R1444-269 Bible Study: Saul Of Tarsus Converted

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Golden Text—”Except a man be born again he cannot see the Kingdom of God.”—John 3:3

In this lesson we have a forcible illustration of the importance of a correct knowledge of the truth as well as a zeal for God. Paul had the latter, but, lacking the former, he went to the extreme of persecuting the Church of Christ. Nevertheless, God, who reads the heart, discerned its loyalty and zeal, and, without blaming him for doing that which he thought was right and acceptable to God, he simply pointed out to him the better way. Light, says the Prophet (Psa. 97:11), is sown for the righteous; and Saul was righteous at heart and hence the truth was due to him in God’s appointed time.

Before that time arrived, however, the beloved and faithful Stephen had sealed his testimony with his blood, while Saul was consenting unto his death. Was God negligent, then, of the interests of his faithful martyr? Ah! no; but his ways are not our ways. Stephen’s life was fully consecrated to the Master’s service, and evidently the only question with him as to when or how it might end was, which time or way would be most to the glory of God. It has been truly said that the blood of the martyrs has been the seed of the Church. Stephen thus became an example to the whole Church of faithfulness even unto death; and having thus gloriously finished his course, there was thenceforth laid up for him a crown of righteousness to be received at the Lord’s second appearing.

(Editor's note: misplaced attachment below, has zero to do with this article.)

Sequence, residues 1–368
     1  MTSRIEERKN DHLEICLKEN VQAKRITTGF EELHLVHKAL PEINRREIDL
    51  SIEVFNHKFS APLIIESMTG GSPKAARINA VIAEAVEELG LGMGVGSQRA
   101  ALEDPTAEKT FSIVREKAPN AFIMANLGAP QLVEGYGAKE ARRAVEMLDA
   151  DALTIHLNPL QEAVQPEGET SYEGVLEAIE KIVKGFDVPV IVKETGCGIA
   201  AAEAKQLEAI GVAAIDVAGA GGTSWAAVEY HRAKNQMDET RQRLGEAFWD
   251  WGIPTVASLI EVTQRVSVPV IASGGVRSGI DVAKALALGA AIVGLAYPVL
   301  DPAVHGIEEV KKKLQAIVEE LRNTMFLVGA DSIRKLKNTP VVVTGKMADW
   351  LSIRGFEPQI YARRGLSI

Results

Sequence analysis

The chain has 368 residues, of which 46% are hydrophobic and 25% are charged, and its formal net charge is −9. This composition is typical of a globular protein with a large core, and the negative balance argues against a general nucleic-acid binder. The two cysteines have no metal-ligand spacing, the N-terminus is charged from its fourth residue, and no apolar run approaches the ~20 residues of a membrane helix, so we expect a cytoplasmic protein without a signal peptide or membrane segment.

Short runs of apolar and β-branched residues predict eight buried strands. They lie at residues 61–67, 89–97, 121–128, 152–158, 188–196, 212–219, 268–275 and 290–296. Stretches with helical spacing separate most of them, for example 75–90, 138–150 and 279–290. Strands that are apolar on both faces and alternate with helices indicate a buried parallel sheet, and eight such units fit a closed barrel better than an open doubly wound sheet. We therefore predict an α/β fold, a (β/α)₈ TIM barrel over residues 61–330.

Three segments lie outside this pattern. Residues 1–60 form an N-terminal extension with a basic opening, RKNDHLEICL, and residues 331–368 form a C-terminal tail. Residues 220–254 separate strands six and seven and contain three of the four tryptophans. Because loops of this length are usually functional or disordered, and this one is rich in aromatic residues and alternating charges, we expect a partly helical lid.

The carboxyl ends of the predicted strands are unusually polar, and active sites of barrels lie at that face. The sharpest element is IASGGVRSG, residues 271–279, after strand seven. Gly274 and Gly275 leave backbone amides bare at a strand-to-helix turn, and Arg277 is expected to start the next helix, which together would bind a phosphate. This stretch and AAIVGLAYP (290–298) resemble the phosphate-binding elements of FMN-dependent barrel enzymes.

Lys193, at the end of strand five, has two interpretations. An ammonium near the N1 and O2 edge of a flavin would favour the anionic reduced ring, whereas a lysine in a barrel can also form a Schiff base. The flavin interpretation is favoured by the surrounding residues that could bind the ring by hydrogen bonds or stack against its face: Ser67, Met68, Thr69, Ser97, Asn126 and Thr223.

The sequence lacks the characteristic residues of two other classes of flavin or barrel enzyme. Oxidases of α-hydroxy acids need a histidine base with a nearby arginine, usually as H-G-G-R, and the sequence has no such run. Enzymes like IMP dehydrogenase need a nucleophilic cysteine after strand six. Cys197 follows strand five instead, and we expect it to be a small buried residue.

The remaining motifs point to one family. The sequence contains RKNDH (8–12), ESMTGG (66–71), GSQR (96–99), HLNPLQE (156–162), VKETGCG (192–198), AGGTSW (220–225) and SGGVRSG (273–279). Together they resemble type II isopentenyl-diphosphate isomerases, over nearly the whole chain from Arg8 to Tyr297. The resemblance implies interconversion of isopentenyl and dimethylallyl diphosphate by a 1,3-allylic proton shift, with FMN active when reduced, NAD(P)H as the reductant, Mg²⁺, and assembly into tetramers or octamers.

Little did Stephen think that one who stood by, consenting unto his death, would soon go forth as a zealous advocate of the very cause he was persecuting. That Paul’s heart was right in the matter, even when his head and his hands were in the wrong, is very clear from his statement of the matter in Chapter 26:9-11, where he says, “I verily thought within myself that I ought to do many things contrary to the name of Jesus of Nazareth, which thing I also did in Jerusalem: and many of the saints did I shut up in prison, having received authority from the chief priests; and when they were put to death I gave my voice against them. And I punished them oft in every synagogue, and compelled them to blaspheme; and, being exceedingly mad against them, I persecuted them, even unto strange cities.”

Again, we find the Apostle referring to the matter in his letter to Timothy (1 Tim. 1:12-14,16), saying, “I thank Christ Jesus our Lord, who hath enabled me, for that he counted me faithful [at heart, though wrong in action], putting me into the ministry who was before a blasphemer and a persecutor and injurious: but I obtained mercy because I did it ignorantly in unbelief. And the grace of our Lord was exceedingly abundant with faith and love which is in Christ Jesus. … Howbeit, for this cause I obtained mercy, that in me first Jesus Christ might show forth all longsuffering for a pattern to them which should hereafter believe on him to life everlasting.”